Father sues California city over homeless son's death after clash with police
LOS ANGELES – The father of a mentally ill homeless man sued the Southern California city of Fullerton on Thursday alleging that a brutal beating by police officers a year ago led to his son's wrongful death.
In a civil suit filed in Orange County, Ron Thomas claimed that a violent confrontation with officers who restrained, struck and shocked Kelly Thomas with a Taser killed the 37-year-old man.
Thomas also alleged that the city previously ignored citizens' complaints and failed to discipline officers accused of wrongdoing, creating a "culture of corruption and deliberate indifference."
"There's an atmosphere around Fullerton with the police department that they can get away with anything they want," Thomas told reporters at a press conference in Los Angeles shortly after the suit was filed.
The city's police department declined to comment on the suit — which names the city, two former police chiefs and six officers — noting officials have not yet had a chance to review it.
The suit was filed on the anniversary of the confrontation between a shirtless, long-haired Thomas and police that was captured on videotape and digital audio recording devices worn by some of the officers — footage that sparked outrage among many residents of the Orange County city.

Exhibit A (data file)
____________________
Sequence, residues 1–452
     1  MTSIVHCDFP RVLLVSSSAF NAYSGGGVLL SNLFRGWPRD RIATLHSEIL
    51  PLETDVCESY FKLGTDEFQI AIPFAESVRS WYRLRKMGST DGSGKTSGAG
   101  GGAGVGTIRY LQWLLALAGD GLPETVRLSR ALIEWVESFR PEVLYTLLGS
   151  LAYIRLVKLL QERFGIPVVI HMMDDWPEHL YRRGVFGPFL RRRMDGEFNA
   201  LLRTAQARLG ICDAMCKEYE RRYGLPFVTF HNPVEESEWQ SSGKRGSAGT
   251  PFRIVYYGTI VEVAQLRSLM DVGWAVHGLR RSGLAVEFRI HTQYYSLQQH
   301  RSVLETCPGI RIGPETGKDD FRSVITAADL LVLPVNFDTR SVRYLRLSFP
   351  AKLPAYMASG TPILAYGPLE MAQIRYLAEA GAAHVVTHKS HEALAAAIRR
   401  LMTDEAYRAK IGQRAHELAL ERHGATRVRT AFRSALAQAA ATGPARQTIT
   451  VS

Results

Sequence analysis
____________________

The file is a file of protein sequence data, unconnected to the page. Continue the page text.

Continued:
Officers detained Thomas on July 5, 2011, while investigating a report of car break-ins at a city transit hub, and what started out as a conversation escalated into a physical conflict. Thomas, who suffered from schizophrenia, died five days later.
His death stoked an outcry by residents, the recall of three councilmembers, an FBI investigation and criminal charges against two of the six officers involved.
It also raised concerns among residents about the police department's preparation to interact with the mentally ill.
Garo Mardirossian, Ron Thomas' attorney, said the officers who stopped Kelly Thomas escalated the conflict instead of talking it out in a clear sign they were not properly trained.
"The fact that he was homeless, the fact that he was mentally ill, did not reduce his rights," Mardirossian said. "These police officers owed him an obligation to protect and to serve him, not to beat him to death."
Thomas' mother Cathy previously reached a $1 million settlement with the city and agreed not to pursue any further claims. The deal did not involve her ex-husband, Ron Thomas, whose suit seeks unspecified damages.
Taxin reported from Santa Ana, Calif.